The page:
THE CIRCUIT COURT OF ARLINGTON COUNTY Daniel S. Fiore, II,
STEPHEN R. McCULLOUGH, JUSTICE
Corporate Executive Board Company ("CEB")
challenges its income tax assessment for the years 2011,
2012, and 2013. CEB contends that the method employed by the
Virginia Department of Taxation is unconstitutional as
applied to CEB under the "dormant" Commerce Clause
and the Due Process Clause of the United States Constitution.
Alternatively, CEB argues that it is entitled to an
adjustment because the statutory method for computing its tax
constitutes an "inequitable" method under the Tax
Department's regulations. For the reasons noted below, we
will affirm the judgment of the circuit court.
sells most of its services to customers outside of Virginia.
a corporation that is headquartered in Arlington, Virginia.
CEB describes itself as "the premier 'best
practices' advisory firm in the world." Most of
CEB's revenue comes from an annual fixed fee subscription
service of its "Core Product." This subscription
service provides "online access to best practices
research, executive education and networking events, and
tools used by executives to analyze business functions and
processes." In addition, CEB sells professional
services, or "Solutions," that include employee
education and performance analytics. It also conducts
executive education seminars. CEB's customers include 97%
of the Fortune 100 companies and more than 10, 000 additional
organizations in more than 50 countries.
vast majority of CEB's sales of its Core Product and
Solutions, over 95%, occur outside of Virginia. The
Commonwealth accounts for less than 5% of CEB's gross
revenue. For the three years at issue, CEB earned $1.76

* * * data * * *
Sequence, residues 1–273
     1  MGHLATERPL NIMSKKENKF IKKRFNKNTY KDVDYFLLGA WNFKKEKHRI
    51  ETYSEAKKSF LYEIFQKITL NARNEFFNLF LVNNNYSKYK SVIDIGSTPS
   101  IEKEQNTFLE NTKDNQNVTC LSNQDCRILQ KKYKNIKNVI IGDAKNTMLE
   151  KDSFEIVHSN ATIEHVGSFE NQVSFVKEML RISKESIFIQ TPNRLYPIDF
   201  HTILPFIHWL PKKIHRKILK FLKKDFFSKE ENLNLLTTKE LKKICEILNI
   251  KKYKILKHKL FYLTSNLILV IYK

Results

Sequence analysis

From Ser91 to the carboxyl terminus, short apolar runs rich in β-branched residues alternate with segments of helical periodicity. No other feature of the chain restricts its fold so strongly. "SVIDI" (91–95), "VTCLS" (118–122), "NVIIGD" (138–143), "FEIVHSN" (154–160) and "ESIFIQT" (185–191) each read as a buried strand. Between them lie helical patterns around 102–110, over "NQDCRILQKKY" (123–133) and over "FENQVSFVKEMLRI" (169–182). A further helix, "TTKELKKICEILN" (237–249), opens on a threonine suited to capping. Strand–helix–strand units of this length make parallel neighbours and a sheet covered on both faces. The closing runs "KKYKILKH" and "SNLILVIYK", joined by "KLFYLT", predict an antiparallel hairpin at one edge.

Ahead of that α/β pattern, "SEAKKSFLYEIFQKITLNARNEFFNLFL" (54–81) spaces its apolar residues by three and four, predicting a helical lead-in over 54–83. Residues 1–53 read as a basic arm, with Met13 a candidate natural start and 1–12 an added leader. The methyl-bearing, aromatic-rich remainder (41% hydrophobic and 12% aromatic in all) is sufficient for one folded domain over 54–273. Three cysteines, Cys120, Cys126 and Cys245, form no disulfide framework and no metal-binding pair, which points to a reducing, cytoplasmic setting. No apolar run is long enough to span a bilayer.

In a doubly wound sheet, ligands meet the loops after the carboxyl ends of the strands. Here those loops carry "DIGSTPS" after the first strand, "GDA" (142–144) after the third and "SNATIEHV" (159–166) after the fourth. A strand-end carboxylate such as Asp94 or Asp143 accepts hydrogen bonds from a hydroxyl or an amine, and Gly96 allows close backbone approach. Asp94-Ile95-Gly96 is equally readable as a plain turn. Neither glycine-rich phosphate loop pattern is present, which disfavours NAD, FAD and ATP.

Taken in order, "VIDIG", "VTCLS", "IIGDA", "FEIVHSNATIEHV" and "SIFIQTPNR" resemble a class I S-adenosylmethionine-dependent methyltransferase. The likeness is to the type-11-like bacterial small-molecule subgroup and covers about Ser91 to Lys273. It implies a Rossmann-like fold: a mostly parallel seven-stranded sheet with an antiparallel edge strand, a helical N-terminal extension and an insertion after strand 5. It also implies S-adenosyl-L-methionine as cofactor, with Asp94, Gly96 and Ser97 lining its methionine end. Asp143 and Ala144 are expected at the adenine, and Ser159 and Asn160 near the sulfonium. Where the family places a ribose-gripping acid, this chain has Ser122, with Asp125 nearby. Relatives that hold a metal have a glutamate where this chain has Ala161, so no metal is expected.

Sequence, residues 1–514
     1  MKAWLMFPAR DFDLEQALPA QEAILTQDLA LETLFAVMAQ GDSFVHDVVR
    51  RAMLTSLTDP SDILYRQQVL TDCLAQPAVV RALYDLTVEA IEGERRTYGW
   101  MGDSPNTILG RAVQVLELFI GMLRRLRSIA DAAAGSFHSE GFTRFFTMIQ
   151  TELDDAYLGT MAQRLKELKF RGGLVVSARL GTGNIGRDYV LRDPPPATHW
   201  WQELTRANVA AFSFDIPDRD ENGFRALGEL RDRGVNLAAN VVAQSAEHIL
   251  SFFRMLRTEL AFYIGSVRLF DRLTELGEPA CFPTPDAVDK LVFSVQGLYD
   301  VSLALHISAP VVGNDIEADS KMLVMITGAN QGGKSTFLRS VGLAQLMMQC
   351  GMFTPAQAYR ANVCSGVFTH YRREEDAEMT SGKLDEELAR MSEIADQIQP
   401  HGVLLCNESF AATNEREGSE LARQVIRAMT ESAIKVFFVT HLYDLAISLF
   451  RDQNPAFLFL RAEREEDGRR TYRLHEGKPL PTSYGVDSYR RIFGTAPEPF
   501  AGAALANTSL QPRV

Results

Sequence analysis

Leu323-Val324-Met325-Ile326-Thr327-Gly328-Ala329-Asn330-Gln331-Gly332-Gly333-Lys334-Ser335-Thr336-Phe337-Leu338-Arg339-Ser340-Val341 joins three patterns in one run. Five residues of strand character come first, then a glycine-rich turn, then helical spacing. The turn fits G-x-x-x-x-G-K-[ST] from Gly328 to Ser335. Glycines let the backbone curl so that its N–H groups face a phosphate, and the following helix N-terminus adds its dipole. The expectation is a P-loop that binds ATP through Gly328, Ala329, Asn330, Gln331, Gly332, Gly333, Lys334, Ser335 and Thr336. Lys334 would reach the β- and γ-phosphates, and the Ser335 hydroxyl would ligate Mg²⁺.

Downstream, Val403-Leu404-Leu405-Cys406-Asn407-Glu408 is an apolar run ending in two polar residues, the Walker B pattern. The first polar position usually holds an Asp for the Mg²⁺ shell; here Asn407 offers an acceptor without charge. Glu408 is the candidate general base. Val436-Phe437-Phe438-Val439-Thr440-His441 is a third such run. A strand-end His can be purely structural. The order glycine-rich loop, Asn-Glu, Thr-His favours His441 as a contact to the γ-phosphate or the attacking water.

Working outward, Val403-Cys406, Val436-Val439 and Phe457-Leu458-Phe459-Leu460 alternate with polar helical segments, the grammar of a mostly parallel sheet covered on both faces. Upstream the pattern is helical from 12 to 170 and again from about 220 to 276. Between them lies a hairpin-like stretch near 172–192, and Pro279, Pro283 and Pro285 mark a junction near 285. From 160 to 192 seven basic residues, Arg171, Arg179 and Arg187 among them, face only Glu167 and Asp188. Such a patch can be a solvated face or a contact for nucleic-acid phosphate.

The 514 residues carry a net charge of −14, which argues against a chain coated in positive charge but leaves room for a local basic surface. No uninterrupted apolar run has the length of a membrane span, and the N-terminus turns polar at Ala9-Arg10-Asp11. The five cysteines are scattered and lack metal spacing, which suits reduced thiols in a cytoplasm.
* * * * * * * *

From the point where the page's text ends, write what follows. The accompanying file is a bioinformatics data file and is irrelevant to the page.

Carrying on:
billion in total sales. Of that total, Virginia accounted for
about $66 million.
tax years in question,
[T]he majority (more than 50%) of CEB's employees who
developed and improved the content integrated into the online
components of CEB's products, and the costs of
performance associated with developing and improving that
content, were located in Arlington, Virginia.
from "live learning events, executive networking, and
customized advisory support," the entirety of the
content "developed and integrated into the online
components of the Core Product was housed on CEB's
servers located in Arlington, Virginia." These
"servers were managed and/or controlled by CEB's
Information Technology function located in Arlington,
Formulary apportionment under Virginia law.
majority of States, Virginia imposes a corporate income tax.
Code § 58.1-400 et seq. Virginia
employs a formula to determine which portion of a
corporation's income it can properly tax.
Because tracing income earned by an interstate business to
its geographic origin based on some type of separate
accounting methodology presents enormous practical problems
(and is arguably incoherent in theory), states have long used
the method of formulary apportionment to determine the amount
of income earned by multistate corporations within their
W. Joondeph, The Meaning of Fair Apportionment and the
Prohibition on Extraterritorial State Taxation,
71 Fordham L. Rev. 149, 155 (2002).
1960, Virginia has adhered to the approach recommended by the
National Conference of Commissioners on Uniform State Laws in
1957 in a model statute. See 1960 Acts ch.
This model statute is the Uniform Division of Income for Tax
Purposes Act, or UDITPA. UDITPA was drafted to address the
fact that States had adopted "various formulae for
determining the amount of income to be taxed, and the
differences in the formulae produce inequitable
results." Uniform Division of Income for Tax Purposes
Act, Prefatory Note, 3 (1957). UDITPA sought to provide
"a uniform method of division of income for tax purposes
among the several taxing jurisdictions."
UDITPA-based statute employs a three-factor formula to
determine the taxable income of a corporation. Code §
58.1-408. Many States employ a similar approach. See
Steven Maguire, Congressional Research Service, State